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21 February 2017

Long-Term Cell Phone Use Increases Brain Tumor Risk

"We found evidence linking mobile phone use and risk of brain tumours especially in long-term users (10 or more years). Studies with higher quality showed a trend towards high risk of brain tumour, while lower quality showed a trend towards lower risk/protection."

Long-term cell phone use increases brain tumor risk

Electromagnetic Radiation Safety, 20 February 2017

Mobile phone use and risk of brain tumors: a systematic review

The results of a newly published review and meta-analysis of the research on cell phone use and brain tumor risk found that long-term or heavy cell phone use was associated with a statistically significant increased risk of brain tumors.

Overall, the study found that long-term or heavy cell phone use was associated with a 33% increased risk of a brain tumor.

The risk of a brain tumor for long-term cell phone use varied depending upon the quality of the research study with higher quality studies tending to yield greater risk estimates (see Table below). For the five highest quality studies, the estimates ranged from a 21% increased risk to 2.6 times the risk of a non-cellphone user. For five lower quality studies. the estimates ranged from a 47% reduced risk to 5.1 times the risk of a non-cellphone user.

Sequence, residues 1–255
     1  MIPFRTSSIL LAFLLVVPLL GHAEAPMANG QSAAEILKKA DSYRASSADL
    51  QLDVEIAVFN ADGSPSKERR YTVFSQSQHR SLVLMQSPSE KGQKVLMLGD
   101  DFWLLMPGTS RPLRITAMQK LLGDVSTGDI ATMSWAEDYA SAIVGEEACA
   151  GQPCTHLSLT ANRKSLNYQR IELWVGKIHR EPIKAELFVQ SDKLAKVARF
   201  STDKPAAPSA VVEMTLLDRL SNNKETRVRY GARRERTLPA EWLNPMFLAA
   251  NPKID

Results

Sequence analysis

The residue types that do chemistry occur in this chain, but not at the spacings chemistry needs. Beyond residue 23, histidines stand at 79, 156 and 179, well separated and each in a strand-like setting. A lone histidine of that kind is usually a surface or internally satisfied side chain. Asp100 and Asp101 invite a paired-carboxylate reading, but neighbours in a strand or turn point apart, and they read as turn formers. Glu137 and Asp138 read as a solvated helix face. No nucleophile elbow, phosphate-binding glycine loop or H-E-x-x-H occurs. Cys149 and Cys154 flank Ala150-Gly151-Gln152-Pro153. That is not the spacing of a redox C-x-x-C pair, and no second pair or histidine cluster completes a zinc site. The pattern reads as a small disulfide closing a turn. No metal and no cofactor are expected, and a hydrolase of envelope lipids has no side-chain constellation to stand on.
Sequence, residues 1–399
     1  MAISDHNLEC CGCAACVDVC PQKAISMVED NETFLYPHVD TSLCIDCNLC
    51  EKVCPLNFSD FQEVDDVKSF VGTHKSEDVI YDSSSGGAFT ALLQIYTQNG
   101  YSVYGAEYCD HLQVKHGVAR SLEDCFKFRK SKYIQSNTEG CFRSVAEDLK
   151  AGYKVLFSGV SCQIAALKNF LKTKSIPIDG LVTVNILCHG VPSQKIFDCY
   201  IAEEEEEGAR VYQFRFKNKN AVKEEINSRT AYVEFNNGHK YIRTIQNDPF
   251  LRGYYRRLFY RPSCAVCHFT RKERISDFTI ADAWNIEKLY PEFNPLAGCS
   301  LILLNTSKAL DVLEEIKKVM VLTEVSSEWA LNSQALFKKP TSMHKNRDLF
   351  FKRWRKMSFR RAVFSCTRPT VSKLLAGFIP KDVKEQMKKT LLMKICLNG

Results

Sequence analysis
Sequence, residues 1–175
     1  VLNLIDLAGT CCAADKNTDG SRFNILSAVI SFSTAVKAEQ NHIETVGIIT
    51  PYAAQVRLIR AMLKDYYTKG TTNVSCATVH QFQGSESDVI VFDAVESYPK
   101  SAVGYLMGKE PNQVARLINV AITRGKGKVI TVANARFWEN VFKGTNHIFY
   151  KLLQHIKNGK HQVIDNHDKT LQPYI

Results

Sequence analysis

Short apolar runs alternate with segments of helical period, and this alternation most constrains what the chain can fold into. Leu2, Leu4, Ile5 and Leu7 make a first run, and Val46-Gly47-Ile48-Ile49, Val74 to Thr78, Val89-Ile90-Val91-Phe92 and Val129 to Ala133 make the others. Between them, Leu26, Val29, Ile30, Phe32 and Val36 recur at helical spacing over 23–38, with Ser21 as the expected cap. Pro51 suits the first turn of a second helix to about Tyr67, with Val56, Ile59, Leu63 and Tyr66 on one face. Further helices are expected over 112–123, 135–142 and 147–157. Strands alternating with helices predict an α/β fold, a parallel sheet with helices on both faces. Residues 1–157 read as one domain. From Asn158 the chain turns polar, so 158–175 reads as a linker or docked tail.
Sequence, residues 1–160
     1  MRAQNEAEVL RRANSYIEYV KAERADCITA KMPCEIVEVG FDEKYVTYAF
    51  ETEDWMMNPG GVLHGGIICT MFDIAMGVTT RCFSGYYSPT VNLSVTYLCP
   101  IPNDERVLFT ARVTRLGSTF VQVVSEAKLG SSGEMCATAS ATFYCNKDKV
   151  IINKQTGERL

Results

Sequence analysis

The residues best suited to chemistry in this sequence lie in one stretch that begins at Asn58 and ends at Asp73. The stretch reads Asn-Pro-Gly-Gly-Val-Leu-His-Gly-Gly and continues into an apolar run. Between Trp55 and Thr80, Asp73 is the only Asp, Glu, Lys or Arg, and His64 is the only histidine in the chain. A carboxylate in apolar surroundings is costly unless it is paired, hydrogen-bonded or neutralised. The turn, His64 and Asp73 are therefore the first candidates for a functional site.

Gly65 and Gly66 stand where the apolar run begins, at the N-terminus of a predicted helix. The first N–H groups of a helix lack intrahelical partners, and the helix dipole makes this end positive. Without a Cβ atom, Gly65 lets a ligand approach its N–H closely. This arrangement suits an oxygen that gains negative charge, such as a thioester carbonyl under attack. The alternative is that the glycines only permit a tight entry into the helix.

Based upon the results of this review, the authors recommend that precautionary measures be taken to reduce the adverse effects of cell phone use.

In this study, long-term cell phone use was defined as ten or more years. The highest quality studies scored 7 or 8 on a 10-point scale, and the lower quality studies scored 5 or 6.